As an added layer of deterrence and protection, trucks may be subjected to random checks of the validity of the tag, as well as the legality of the driver, vehicle, and cargo.
New security approaches are being considered for marine shipping containers, particularly the possibility of moving inspections out from the US ports of entry and farther down the logistics chain. Well-conceived security systems must be put in place soon, and research and development are essential for further improving these systems.
However, there are conflicts that are likely to arrive from additional security requirements related to social issues, such as biometric identification cards and cargo-screening devices. Concerns that may constrain or even preclude implementation must be appreciated early on, before significant resources are devoted to furthering impractical or undesirable concepts.
The report calls for designing, testing, and installing coherent layered security systems for all transportation modes, particularly shipping containers and vehicles that contain large quantities of toxic or flammable materials. The Department of Transportation (DOT), the individual modal agencies, and the Volpe National Transportation Systems Center offer important resources for systems-level research and for technology development. The new Transportation Security Administration (TSA) can help guide their investments to better leverage the transportation sector’s own research and development investments, and ensure their strong security relevance. By making the needs and parameters of transportation-security systems more widely known, especially to the much larger research and development community and sponsoring agencies in government, TSA can help to identify and shape the efforts that are most promising and relevant.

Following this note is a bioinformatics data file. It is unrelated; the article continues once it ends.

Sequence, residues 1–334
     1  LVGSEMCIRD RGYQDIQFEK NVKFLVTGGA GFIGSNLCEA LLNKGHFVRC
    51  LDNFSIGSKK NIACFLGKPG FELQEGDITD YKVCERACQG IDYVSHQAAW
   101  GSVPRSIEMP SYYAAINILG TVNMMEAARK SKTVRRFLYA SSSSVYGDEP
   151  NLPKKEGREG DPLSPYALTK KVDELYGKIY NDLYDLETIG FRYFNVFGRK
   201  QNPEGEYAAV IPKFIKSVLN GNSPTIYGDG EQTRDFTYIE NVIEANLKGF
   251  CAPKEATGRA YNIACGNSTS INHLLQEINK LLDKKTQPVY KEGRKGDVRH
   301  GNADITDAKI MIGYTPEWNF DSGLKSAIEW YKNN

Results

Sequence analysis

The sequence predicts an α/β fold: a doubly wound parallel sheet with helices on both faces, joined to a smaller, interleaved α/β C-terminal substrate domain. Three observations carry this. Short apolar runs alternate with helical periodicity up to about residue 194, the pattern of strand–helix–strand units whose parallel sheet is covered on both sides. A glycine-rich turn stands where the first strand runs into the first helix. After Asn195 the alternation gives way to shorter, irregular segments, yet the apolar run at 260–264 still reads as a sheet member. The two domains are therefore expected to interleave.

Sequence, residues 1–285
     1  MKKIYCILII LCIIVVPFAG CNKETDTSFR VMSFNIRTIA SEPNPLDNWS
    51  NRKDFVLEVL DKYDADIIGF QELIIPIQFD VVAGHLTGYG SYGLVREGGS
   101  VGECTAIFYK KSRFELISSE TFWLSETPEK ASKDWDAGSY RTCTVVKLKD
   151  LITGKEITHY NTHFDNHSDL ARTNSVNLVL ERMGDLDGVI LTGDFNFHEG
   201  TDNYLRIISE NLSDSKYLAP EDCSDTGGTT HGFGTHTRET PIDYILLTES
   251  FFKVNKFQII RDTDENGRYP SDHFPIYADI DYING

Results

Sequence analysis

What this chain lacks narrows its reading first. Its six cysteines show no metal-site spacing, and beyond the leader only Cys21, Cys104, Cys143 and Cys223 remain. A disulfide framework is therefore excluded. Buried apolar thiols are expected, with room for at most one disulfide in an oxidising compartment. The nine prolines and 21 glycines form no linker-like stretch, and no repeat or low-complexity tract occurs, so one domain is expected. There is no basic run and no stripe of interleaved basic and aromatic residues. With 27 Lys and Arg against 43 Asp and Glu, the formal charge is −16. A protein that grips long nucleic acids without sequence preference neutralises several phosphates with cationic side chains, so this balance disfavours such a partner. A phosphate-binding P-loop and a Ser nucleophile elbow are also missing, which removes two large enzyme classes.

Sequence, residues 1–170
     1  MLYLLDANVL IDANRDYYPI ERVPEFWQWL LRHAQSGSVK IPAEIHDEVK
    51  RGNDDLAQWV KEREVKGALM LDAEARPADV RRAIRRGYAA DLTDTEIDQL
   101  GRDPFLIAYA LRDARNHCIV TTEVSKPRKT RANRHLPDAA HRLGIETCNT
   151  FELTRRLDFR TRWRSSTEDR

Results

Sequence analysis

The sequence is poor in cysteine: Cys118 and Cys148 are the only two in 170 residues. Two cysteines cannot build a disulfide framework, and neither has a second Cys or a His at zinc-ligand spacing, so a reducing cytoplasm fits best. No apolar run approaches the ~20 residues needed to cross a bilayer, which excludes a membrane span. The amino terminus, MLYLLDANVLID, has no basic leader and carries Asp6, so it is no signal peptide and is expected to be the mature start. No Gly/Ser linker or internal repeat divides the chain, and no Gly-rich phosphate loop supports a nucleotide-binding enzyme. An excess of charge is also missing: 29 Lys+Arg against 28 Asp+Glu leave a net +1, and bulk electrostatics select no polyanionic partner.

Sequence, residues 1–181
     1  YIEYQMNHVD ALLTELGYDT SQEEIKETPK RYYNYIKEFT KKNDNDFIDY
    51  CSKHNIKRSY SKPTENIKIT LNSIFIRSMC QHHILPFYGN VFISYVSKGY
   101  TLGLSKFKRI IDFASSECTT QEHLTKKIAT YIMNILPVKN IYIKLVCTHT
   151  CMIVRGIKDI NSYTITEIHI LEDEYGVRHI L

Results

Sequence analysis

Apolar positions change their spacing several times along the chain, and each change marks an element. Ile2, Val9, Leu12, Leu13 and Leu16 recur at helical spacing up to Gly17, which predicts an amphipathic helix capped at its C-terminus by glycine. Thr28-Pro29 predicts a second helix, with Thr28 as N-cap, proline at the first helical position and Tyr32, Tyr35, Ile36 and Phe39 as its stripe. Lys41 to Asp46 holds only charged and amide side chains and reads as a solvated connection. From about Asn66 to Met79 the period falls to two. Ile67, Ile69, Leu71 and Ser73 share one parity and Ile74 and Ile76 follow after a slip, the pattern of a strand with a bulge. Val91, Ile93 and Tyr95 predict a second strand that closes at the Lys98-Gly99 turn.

Because the identification of appropriate security systems is essential to guiding related technology development and deployment, TSA should take the lead in devising and evaluating a set of promising security system concepts for each transportation mode. The diverse operators, users, and overseers in the transportation sector must ultimately deploy and operate the security systems; however, their disparate venues and interests can hinder cooperation in the development of alternative system concepts. TSA, through the recommended strategic research and planning office, is particularly well placed to encourage and orchestrate such cooperation.
By working with transportation system owners, operators, and users in exploring alternative security concepts, TSA will be better able to identify opportunities for conjoining security with other objectives, such as improving shipment tracking. Such multiuse, multibenefit systems have a greater chance of being adopted, maintained, and improved.
To review the report, click on the following link and go to the transportation systems section where vehicles and containers hauling hazardous materials are discussed books.nap.edu/html/stct/index.html.